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Active voltage positioning minimises output capacitors

19 Oct 2015  | Robert Sheehan

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Power supply performance, especially transient response, is crucial in meeting today's demands for low voltage, high current microprocessor power. In an effort to minimise the voltage deviation during a load step, a technique that has recently been named "active voltage positioning" is generating substantial interest and gaining popularity in the portable computer market. The benefits include lower peak-to-peak output voltage deviation for a given load step, without having to increase the output filter capacitance. Alternatively, the output filter capacitance can be reduced while maintaining the same peak-to-peak transient response.

Basic principle
The term "active voltage positioning" (AVP) refers to setting the power supply output voltage at a point that is dependent on the load current. At minimum load, the output voltage is set to a slightly higher than nominal level. At full load, the output voltage is set to a slightly lower than nominal level. Effectively, the DC load regulation is degraded, but the load transient voltage deviation will be significantly improved. This is not a new idea, and it has been observed and described in many articles. What is new is the application of this principle to solve the problem of transient response for microprocessor power. Let's look at some numbers to see how this works.

Figure 1: Transient Response with Load Step from 0A to 12A.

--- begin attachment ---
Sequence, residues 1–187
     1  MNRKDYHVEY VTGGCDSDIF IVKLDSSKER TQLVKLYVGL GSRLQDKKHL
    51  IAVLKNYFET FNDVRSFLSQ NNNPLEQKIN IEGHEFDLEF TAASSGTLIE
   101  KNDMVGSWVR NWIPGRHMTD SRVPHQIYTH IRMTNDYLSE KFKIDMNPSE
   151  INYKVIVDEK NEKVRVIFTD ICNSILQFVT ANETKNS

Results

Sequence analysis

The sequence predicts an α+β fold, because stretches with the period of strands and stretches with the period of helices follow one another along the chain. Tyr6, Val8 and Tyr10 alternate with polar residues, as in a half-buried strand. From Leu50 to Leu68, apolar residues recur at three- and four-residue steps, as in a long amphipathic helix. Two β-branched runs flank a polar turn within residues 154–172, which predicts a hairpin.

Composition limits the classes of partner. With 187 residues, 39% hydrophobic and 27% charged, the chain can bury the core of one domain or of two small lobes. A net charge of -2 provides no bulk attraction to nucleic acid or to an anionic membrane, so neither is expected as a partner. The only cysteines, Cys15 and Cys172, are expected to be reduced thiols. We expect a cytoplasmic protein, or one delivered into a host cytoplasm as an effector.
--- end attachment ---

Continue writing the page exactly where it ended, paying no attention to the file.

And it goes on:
Assume a nominal 1.5V output capable of delivering 15A to the load, with a ±6% (±90mV) transient window. For the first case, consider a classic converter with perfect DC regulation. Use a 10A load step with a slew rate of 100A/µs. The initial voltage spike will be determined solely by the output capacitor's equivalent series resistance (ESR) and inductance (ESL). A bank of eight 470µF, 30mW, 3nH tantalum capacitors will have an ESR = 3.75mW and an ESL = 375pH. The initial voltage droop will be (3.75mW • 10A) + (375pH • 100A/µs) = 75mV. This leaves a 1% margin for set point accuracy. The voltage excursion will be seen in both directions, for the full load to minimum load transient and for the minimum load to full load transient. The resulting deviation is 2 • 75mV = 150mV peak-to-peak (figure 2a).

Figure 2: Transient Response Comparison.

The transient with active voltage positioning
Now look at the same transient using active voltage positioning. At the minimum load, purposefully set the output 3% (45mV) high. At full load, the output voltage will be set 3% low. During the minimum load to full load transient, the output voltage starts 45mV high, drops 75mV initially, and then settles to 45mV below nominal. For the full load to minimum load transient, the output voltage starts 45mV low, rises 75mV to 35mV above nominal, and settles to 45mV above nominal. The resulting deviation is now only 2 • 45mV = 90mV peak-to-peak (figure 2b). Now reduce the number of output capacitors from eight to six. The ESR = 5mW and ESL = 500pH. The transient voltage step is now (5mW • 10A) + (500pH • 100A/µs) = 100mV. With the 45mV offset, the resultant change is ±55mV around centre, or 110mV peak-to-peak (figure 2c). The initial specification has been easily met with a 25% reduction in output capacitors.

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